Björn: “It was a bit wild. You’re twenty-something, on the road, playing your own music and living the dream. Chris was always either playing guitar or working out.”
Chris: “And what’s changed?”
Björn: “Nothing! [They laugh.] I never saw him with a beer; I never saw him with anything except water and a guitar in his hand. It’s incredible how he can keep that focus on the road. He would run up and down the stairs, he’d do push-ups from fucking ledges and it would be crazy watching him. We were just sitting there drinking beer! We were not in the same mindset at all.”
Image: Press
Foregone reintegrates some of that old-school In Flames heaviness, and there’s some speculation that Chris, with his history in thrash bands like Megadeth, is partly responsible for that. Is that true?
Björn: “If you see us live, absolutely. That’s where you can see how it is. The record was written before Chris put his solos on there, but he has elevated the songs to a level that we couldn’t have taken it to ourselves. There’s so much skill and thought behind the melodies and solos.”
Chris: “While he’s being so kind, you have to remember that every heavy riff and melody that you hear on Foregone, Björn wrote.”
Björn: “I like the process of writing, especially when we’re in a good flow and all that, but I do not like the studio part. Recording turns this free, inspirational creativity into work: it’s mechanical. It’s on stage where these songs come alive and that’s where this line-up is the best we’ve ever had.”
Björn, don’t you prefer writing melodies to solos?
Björn: “Yeah, I can’t shred at a million miles an hour. It’s very ad hoc: if I know there are three solos missing on a record, I’ll sit down with a part and start building a melody. It’s usually a melody that I build a solo around. I never aspired to be a shredder; it’s all about the melody.”
Chris, because you contributed solos to Foregone and solo’d in Megadeth, is that your favourite part of guitar playing?
Chris: “It’s interesting, because that’s where I spend the bulk of my practice time. It’s a big focus of mine and I do love soloing, but to me it’s more of a compositional tool. While I love fast playing, I believe that there should be a very melodic component to it. I grew up with the classic shredders and I love that playing, but Björn and I were talking about Dream Theater’s album Awake the other day. We both love that CD, but my favourite song on it is The Mirror, which doesn’t have a solo on it.”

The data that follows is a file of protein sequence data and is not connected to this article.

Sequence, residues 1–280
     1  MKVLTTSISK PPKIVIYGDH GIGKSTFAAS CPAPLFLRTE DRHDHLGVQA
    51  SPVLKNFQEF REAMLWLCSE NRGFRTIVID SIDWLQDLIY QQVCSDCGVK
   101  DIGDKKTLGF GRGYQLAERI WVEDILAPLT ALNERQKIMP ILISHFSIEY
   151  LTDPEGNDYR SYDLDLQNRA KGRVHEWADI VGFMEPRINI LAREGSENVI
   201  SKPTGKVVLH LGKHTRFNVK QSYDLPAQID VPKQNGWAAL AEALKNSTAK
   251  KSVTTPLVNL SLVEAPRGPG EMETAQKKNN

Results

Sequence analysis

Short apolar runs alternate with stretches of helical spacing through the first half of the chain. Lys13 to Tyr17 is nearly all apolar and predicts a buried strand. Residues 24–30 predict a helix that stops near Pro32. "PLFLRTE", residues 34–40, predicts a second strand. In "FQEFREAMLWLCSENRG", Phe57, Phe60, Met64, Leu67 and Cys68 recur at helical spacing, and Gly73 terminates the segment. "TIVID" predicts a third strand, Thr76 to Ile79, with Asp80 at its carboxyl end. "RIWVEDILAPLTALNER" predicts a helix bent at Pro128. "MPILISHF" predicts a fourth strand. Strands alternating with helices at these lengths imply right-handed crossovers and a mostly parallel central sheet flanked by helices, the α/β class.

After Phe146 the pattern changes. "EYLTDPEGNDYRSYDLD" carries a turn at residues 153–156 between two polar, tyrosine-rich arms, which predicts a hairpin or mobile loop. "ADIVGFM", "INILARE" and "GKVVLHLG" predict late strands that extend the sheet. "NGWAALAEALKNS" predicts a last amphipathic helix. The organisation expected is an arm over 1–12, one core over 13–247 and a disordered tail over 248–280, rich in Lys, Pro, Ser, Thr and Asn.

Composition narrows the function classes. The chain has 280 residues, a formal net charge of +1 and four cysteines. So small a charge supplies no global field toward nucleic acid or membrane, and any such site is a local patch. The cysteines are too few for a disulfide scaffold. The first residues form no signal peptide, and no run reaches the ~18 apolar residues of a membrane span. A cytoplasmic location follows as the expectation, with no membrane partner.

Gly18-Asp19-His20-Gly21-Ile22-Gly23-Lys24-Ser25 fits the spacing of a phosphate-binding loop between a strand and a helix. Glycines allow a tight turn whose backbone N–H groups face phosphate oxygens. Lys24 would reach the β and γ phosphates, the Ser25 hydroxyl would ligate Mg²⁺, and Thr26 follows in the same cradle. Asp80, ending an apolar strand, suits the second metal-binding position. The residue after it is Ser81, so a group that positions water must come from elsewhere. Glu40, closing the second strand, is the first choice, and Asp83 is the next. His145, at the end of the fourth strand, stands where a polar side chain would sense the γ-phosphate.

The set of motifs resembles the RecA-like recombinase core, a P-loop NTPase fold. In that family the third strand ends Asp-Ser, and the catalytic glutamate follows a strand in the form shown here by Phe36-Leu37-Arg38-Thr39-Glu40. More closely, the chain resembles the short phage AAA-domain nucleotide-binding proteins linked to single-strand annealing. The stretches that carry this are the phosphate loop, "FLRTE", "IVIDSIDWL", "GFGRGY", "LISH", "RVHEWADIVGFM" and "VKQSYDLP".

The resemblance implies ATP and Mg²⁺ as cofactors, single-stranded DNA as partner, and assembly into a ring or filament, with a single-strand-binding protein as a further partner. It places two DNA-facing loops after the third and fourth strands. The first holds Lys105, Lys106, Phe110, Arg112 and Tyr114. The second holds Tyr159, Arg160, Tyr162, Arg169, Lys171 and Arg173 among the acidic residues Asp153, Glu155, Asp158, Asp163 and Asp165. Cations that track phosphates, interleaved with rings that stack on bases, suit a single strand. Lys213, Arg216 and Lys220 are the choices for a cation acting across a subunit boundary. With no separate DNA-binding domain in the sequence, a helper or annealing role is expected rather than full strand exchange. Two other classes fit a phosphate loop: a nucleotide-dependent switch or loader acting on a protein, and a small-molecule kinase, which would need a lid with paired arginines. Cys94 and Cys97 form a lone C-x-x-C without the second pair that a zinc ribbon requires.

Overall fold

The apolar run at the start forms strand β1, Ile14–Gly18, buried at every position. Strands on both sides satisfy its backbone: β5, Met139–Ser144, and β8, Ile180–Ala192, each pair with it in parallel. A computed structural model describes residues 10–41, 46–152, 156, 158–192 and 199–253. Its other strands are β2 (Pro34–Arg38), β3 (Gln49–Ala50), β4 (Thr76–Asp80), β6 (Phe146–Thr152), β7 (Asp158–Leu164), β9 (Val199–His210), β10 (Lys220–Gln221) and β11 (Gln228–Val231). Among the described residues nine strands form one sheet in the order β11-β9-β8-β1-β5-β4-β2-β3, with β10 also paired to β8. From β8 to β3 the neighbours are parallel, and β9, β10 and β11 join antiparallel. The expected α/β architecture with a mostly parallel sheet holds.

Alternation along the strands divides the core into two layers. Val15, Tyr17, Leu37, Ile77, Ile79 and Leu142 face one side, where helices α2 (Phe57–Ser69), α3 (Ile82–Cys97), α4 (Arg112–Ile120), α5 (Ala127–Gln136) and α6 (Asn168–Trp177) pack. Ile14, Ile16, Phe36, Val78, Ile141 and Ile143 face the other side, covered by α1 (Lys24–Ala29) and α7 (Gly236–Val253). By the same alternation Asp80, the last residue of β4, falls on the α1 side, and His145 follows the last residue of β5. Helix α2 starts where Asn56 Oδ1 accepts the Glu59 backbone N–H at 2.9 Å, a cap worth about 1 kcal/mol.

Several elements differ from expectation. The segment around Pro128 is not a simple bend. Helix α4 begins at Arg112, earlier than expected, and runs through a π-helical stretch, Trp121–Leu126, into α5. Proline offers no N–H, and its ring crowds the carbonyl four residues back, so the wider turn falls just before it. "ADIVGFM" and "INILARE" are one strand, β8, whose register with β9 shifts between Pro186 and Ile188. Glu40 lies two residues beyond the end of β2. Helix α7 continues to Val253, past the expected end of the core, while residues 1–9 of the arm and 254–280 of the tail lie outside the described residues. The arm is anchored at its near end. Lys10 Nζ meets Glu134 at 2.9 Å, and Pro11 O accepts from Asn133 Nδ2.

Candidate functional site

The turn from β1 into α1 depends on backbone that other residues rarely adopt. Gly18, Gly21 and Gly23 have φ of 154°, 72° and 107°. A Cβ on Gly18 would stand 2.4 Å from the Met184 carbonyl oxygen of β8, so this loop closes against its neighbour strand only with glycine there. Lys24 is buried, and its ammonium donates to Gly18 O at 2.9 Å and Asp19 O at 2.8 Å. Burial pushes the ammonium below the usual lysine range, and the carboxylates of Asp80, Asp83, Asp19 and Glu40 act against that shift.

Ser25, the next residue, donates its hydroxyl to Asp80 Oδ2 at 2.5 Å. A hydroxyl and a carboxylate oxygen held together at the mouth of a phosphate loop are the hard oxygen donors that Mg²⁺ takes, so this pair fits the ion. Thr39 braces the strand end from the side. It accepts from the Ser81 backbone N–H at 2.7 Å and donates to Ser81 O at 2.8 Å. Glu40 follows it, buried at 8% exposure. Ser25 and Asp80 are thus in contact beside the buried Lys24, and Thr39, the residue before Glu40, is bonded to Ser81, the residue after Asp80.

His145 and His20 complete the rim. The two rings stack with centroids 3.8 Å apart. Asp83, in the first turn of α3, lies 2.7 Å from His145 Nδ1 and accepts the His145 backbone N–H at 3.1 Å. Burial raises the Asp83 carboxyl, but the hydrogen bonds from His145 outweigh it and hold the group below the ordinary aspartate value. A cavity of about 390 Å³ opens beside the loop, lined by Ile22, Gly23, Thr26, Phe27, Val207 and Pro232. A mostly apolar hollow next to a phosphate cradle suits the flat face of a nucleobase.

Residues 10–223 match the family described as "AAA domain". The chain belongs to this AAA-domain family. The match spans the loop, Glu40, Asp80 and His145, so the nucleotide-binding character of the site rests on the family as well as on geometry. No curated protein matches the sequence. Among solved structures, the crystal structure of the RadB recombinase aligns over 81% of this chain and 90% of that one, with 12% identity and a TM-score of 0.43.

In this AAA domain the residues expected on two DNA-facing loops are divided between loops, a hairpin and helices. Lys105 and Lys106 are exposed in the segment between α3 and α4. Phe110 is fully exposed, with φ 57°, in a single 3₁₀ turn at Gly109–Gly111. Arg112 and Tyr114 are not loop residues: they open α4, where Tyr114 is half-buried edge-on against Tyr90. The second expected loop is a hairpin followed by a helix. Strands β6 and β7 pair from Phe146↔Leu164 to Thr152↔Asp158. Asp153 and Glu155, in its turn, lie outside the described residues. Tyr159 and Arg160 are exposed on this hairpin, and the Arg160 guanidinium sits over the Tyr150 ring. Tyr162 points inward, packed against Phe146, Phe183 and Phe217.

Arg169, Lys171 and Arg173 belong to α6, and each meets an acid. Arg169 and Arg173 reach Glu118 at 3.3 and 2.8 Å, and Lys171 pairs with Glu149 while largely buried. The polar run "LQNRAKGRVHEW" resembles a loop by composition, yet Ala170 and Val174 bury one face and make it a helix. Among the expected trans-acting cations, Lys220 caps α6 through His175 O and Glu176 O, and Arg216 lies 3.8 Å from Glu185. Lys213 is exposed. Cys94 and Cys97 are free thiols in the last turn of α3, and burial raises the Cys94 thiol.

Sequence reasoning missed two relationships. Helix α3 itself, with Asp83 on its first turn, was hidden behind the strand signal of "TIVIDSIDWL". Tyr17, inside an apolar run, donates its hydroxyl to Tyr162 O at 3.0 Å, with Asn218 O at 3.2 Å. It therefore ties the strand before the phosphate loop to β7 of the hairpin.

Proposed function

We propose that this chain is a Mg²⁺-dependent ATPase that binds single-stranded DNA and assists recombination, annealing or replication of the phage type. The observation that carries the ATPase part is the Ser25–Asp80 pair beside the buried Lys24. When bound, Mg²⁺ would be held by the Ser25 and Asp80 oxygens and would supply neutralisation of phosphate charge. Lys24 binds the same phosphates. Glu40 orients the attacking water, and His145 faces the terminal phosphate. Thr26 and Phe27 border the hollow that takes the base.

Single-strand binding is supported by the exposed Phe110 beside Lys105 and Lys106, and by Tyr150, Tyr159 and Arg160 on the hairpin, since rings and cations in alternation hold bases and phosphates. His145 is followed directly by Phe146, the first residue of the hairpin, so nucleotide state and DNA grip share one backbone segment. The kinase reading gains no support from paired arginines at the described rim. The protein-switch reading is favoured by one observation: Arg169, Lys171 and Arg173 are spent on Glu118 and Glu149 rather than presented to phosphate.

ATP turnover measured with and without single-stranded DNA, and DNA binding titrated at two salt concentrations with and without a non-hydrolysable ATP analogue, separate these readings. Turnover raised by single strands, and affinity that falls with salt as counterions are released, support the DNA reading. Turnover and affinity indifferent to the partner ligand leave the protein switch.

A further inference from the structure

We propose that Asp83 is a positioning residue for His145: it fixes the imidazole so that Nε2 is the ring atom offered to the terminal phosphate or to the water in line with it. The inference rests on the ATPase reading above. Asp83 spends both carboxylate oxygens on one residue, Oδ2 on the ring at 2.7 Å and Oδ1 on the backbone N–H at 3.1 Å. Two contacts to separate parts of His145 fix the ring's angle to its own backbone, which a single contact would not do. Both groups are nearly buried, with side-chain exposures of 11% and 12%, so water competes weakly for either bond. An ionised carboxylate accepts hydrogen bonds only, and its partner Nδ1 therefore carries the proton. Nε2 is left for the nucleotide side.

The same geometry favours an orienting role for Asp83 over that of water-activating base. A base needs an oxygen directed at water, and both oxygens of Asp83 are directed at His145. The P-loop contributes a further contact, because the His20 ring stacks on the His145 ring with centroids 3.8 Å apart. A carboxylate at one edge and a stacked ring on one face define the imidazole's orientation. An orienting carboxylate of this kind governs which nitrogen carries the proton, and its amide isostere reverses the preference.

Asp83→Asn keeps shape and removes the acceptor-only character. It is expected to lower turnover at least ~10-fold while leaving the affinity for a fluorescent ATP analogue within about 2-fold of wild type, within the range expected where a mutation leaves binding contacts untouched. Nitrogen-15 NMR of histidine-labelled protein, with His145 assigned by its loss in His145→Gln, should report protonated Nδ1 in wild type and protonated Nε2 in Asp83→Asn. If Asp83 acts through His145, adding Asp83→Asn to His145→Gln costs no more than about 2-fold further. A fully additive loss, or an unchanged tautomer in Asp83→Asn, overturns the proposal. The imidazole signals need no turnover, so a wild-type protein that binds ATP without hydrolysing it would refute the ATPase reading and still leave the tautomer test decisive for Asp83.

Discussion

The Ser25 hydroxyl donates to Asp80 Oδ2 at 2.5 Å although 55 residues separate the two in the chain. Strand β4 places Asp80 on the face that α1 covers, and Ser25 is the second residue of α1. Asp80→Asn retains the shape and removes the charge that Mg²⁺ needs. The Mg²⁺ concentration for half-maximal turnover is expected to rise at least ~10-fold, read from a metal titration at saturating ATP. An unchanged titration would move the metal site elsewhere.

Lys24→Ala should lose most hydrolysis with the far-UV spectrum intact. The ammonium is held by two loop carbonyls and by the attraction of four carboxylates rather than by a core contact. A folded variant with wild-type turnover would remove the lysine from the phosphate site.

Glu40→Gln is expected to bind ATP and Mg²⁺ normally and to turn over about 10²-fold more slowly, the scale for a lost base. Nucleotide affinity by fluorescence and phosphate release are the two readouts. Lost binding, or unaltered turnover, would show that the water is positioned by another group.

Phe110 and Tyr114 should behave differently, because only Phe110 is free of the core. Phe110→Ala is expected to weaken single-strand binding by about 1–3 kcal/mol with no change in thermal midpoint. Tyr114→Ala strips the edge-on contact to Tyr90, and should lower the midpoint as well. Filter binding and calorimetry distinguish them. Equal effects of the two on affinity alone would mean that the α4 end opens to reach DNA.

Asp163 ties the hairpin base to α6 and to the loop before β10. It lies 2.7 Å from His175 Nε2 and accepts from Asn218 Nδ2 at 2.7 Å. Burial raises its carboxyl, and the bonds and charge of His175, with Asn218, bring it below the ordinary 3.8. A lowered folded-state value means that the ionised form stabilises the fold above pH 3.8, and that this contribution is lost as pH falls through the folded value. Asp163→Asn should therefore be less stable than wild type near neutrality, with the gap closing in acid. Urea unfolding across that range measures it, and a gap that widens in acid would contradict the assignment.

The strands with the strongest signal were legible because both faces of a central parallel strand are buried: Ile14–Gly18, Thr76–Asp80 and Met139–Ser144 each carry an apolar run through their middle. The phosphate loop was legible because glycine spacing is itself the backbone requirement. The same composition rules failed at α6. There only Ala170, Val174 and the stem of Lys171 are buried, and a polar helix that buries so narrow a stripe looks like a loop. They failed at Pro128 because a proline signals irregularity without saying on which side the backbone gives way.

A lot of the aggression on Foregone came from anger over the state of the world during the pandemic…
Björn: “The first two, three months were extremely frustrating. We had a big meeting just a few months before the pandemic where we laid out the next year-and-a-half touring-, travel- and recording-wise. It was all going to be super-smooth for the first time in 15 years, then the pandemic hit. It felt like getting kicked in the nuts; I felt useless because I wasn’t creative and I couldn’t see live music.”
What guitars did you use on Foregone?
Björn: “I use a signature Epiphone. It was basically built as an absolute copy of the Gibson Les Paul I played for thousands of shows. I don’t know how many records I did with it. The first or second prototype that I got is still the one that’s in my studio. I’m super-happy with it, it’s an awesome guitar for me.”
Chris: “I bring my signature series Jackson to the party. I can’t say enough about it. I worked really hard on its design.”
Do you think the sound of Foregone and the new line-up mark a new era for In Flames?
Björn: “To see this as different eras, you need to be outside of it for a bit. I am in this all the time so I see it as the same era. I don’t have to look back because I’ve done all that. I know exactly what we’ve done in the past musically and hopefully I’ve learnt from it.”Chris: “The one thing you want to understand about In Flames is that they have had crew members who’ve been around since ’95. They’ve got so many people that have been here for longer than I’ve known Björn, but having new members like Tanner [Wayne, In Flames’ drummer] and Bryce [Paul, bassist] can’t help but influence things. Rest assured, though, you’re always gonna get your Swedish metal fix from Björn over here.”
Foregone is out on 10th February via Nuclear Blast Records.
The post “Chris learnt 15 songs in two days”: In Flames on new album Foregone and hiring ex-Megadeth player Chris Broderick appeared first on Guitar.com | All Things Guitar.